I'm using Postgresql-11, with a traditional HDD as the physical storing device.

I need to optimize the performance for writing.

I have changed the wal_buffers from -1 to 512MB, that means that wal_buffers no long use shared_buffers. Am I right?

I want to know whether or not it can improve the writing performance to enlarge shared_buffers. In my mind, it is used only for querying?

The current value of shared_buffers is 2GB, my RAM is 8GB. I want to change it to 4GB. thanks!

1 Answer 1


It is not a very viable strategy in general, but it could work in some specific cases, such as if the total size of the index pages which need to be maintained during bulk inserting is >2GB but <4GB.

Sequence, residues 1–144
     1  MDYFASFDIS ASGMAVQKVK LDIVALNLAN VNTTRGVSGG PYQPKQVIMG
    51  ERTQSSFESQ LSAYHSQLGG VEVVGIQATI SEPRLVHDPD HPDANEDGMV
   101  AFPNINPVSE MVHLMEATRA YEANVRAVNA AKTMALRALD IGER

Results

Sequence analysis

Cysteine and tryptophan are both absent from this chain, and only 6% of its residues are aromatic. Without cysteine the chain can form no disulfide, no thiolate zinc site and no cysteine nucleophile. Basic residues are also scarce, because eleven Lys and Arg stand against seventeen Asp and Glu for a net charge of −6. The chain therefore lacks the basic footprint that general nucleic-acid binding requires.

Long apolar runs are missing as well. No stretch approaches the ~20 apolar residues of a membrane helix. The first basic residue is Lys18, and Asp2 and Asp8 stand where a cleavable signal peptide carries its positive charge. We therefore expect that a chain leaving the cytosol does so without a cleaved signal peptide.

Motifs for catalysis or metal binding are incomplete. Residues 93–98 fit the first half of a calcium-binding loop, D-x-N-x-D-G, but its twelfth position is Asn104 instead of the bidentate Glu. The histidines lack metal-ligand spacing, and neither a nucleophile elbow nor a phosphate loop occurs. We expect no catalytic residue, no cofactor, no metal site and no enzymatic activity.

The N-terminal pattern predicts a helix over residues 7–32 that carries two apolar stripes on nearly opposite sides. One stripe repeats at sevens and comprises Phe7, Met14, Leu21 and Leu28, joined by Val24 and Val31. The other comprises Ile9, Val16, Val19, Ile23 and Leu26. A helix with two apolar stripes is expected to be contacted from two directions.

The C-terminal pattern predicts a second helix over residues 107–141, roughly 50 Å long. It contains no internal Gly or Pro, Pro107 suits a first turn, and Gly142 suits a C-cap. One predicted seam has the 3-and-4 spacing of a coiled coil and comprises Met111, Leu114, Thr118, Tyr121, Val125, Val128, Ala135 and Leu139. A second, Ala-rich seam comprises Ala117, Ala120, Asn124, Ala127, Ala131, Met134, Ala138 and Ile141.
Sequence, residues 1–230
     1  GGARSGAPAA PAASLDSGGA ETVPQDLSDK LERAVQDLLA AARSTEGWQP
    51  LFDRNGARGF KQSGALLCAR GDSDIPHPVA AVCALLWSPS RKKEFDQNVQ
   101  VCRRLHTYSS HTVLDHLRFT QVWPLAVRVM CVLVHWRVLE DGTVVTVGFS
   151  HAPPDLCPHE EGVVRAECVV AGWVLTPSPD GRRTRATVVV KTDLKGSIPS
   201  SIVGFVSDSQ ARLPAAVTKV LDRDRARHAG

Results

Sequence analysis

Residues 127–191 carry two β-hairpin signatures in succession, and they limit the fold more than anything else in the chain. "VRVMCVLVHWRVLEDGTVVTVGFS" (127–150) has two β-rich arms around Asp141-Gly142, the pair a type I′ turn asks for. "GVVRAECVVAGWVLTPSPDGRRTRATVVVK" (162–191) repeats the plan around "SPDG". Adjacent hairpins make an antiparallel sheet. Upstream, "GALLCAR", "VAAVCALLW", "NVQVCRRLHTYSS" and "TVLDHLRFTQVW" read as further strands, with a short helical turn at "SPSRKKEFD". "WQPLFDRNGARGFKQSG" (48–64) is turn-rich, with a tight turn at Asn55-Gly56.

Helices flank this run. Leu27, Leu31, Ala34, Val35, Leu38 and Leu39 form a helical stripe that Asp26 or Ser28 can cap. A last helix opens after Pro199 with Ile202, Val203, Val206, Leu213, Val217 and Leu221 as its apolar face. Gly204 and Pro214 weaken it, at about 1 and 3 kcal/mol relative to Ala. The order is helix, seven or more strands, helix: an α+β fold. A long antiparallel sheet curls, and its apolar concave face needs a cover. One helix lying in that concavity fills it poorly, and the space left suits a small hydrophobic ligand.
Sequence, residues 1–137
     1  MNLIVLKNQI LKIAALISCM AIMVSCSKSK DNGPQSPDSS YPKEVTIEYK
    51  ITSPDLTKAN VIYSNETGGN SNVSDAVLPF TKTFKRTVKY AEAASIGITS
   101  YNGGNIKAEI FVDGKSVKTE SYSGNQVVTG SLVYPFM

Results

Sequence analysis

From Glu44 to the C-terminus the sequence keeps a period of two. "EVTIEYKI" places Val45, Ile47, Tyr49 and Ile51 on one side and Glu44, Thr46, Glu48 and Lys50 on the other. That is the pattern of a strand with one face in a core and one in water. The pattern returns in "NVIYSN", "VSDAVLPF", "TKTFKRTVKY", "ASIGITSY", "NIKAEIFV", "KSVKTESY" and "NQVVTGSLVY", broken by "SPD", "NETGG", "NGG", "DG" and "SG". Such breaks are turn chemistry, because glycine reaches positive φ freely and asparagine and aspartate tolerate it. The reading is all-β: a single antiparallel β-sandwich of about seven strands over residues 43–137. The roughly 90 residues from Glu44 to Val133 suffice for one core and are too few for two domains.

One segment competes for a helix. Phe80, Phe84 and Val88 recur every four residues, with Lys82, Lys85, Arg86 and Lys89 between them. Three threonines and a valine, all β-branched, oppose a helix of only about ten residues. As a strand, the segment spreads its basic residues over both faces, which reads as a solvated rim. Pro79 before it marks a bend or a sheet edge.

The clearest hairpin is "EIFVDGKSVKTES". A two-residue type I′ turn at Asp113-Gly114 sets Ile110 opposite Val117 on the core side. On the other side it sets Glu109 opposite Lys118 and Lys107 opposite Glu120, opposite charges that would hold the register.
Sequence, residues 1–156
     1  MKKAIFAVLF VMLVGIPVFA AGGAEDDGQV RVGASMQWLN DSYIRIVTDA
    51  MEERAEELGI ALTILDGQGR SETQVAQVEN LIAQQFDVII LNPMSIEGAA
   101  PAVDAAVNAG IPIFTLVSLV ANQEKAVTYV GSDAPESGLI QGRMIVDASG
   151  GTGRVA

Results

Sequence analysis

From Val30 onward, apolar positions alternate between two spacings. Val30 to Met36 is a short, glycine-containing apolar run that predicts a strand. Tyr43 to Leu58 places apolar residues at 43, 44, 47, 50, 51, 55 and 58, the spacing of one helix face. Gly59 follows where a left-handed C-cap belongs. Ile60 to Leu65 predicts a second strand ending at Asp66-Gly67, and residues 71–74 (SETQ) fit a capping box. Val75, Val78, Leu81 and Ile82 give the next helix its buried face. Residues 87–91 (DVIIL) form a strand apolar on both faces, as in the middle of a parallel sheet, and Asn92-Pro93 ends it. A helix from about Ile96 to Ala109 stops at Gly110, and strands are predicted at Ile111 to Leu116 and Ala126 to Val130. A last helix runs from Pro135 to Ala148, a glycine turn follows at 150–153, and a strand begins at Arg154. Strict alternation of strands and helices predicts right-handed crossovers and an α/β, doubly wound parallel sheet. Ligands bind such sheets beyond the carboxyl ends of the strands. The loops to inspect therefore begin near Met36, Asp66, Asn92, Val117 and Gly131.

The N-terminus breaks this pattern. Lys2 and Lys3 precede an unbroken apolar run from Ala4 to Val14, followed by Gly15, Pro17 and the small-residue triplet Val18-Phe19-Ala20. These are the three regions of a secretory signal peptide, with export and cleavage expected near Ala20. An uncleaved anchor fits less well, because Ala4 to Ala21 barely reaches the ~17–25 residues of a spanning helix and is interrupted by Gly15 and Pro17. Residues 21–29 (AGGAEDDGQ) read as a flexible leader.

Because PostgreSQL doesn't use direct IO, but rather reads pages through the normal kernel calls, that means pages are first read into the filesystem cache before being read into shared_buffers. So in general at 4GB out of 8GB, the two caches will be "double buffering" reducing their effectiveness. If I wanted to go the high-shared_buffers route, I would set it to 6 to 7GB (or 7.5, but not with wal_buffers set so high--which I also have doubts about), not 4GB.

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